The Phoenix and Vegas housing markets have mirrored each other in the recent housing bubble and recovery.  While Phoenix home prices have remained relatively robust, home sales have declined since last July.  A number of comments from an ASU report on the Phoenix home market in May were quite disturbing:

  • Total single family homes sold fell 19% YoY with those under $150k plunging 37% YoY
  • The percentage of residential properties purchased by investors continued to decline from 16.3% in April to 16.1% in May.
  • Weak demand from 1st time home buyers
  • Outlook:
    • Some home sellers appear to be cancelling their listings and waiting for another time when buyers have a greater sense of urgency.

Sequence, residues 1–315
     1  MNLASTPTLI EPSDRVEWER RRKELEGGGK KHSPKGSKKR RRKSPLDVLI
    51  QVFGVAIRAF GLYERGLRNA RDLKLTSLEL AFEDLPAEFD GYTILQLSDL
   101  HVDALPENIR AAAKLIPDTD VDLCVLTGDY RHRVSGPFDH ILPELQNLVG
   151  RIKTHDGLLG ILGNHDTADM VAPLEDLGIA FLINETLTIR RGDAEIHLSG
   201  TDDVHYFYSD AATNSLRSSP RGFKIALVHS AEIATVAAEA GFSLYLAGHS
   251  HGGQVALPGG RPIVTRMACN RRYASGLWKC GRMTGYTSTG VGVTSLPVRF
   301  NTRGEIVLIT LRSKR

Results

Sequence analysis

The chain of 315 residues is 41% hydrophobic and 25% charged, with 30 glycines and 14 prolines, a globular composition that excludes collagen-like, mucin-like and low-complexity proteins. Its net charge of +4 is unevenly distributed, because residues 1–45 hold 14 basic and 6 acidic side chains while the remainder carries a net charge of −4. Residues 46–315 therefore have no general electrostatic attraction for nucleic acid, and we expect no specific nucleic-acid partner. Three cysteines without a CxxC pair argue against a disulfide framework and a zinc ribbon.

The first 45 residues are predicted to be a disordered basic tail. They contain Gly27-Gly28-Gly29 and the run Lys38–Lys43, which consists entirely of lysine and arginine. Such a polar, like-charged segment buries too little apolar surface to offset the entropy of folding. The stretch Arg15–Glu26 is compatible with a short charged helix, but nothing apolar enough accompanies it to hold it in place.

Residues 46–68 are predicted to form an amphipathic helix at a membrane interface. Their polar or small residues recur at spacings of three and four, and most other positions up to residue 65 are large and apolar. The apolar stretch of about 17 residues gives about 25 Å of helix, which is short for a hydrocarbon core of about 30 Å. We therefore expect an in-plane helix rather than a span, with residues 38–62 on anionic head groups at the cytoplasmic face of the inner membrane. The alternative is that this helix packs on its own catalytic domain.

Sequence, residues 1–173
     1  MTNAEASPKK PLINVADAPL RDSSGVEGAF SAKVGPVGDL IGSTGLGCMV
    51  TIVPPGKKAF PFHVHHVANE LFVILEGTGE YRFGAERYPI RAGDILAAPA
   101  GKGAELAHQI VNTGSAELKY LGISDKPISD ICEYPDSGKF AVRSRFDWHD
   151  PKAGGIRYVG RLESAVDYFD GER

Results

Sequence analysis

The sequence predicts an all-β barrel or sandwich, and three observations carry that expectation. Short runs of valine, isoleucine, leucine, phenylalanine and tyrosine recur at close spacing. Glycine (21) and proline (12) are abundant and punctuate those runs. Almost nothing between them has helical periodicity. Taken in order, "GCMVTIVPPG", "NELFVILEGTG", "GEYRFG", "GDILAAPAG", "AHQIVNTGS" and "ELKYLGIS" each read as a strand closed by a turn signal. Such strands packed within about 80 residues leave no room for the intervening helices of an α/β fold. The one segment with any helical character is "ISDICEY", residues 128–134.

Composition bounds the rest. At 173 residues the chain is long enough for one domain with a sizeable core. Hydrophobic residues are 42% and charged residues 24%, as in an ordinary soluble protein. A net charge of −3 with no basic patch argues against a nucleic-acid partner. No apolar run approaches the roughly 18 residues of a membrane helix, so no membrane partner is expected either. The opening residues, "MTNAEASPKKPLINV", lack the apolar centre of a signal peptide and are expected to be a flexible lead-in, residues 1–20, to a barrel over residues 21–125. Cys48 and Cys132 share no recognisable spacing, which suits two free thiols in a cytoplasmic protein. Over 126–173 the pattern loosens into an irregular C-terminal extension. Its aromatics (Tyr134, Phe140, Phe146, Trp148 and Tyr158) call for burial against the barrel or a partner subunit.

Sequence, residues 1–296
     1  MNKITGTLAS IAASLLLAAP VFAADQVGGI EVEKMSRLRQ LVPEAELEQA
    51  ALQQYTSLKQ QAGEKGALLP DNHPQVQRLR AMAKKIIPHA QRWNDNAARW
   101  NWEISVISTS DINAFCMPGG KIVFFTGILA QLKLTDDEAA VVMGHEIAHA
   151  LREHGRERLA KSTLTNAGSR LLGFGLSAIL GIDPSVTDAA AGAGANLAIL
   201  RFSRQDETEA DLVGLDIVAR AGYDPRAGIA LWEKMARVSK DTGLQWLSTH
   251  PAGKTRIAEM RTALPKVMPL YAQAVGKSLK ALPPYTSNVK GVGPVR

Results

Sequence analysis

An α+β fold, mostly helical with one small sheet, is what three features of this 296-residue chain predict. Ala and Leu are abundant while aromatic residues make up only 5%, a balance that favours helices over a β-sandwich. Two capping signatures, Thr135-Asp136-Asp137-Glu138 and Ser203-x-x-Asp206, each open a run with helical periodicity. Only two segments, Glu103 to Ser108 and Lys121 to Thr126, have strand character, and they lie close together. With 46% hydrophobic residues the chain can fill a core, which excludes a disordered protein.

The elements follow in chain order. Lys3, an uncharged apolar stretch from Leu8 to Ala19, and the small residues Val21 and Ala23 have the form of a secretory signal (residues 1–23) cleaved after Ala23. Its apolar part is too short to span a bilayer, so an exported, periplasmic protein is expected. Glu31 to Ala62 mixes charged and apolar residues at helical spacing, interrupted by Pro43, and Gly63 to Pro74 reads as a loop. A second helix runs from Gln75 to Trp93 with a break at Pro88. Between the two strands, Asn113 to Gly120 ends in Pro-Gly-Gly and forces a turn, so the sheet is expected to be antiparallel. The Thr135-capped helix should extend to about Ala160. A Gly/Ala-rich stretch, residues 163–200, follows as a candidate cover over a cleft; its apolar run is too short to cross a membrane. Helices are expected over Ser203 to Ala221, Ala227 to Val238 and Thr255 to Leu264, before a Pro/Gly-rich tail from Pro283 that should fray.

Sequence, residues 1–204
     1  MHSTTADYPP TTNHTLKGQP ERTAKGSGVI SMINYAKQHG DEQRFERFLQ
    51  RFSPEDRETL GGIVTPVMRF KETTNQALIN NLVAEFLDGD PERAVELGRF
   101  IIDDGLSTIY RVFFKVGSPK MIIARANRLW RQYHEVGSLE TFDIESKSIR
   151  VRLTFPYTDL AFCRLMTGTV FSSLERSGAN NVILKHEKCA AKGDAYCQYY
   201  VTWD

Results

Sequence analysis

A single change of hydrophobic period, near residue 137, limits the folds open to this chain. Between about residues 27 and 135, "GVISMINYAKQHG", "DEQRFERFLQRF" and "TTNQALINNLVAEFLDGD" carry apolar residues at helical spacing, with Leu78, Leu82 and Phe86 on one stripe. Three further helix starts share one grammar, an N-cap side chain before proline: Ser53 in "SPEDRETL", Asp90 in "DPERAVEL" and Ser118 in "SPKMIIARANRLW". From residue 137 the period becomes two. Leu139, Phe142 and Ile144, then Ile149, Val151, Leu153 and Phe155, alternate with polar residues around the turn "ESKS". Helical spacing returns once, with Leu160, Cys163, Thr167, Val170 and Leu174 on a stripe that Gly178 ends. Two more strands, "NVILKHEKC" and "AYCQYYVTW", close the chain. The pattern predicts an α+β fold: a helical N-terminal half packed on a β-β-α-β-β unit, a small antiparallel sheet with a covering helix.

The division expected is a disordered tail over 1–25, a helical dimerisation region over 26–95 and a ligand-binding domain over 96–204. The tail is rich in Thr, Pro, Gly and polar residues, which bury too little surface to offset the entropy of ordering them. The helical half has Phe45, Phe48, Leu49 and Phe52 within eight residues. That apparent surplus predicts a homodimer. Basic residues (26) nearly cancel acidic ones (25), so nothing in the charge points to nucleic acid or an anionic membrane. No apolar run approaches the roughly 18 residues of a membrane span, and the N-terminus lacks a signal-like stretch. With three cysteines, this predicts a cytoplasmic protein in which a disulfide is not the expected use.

• Many families are choosing to stay in their homes longer than they used to 10 to 15 years ago.
    • The mix of homes that are selling has changed a lot in the past 12 months. There are fewer distressed homes and far fewer homes priced under $150,000. This tends to push the averages and medians upward even if prices are stable.

Las Vegas home demand is not much better.   According to GLVAR, Southern Nevada total home sales (single family, condos, townhomes) declined double digits every month since January 2014.  Furthermore, in June, short sales – when lenders allow borrowers to sell a home for less than their mortgage obligation – spiked to 10.8% of all existing local home sales – up from 7.9% in May.  

 

LV LOCALS: THE MIRAGE OF A RECOVERY - LLL

 

CONCLUSION: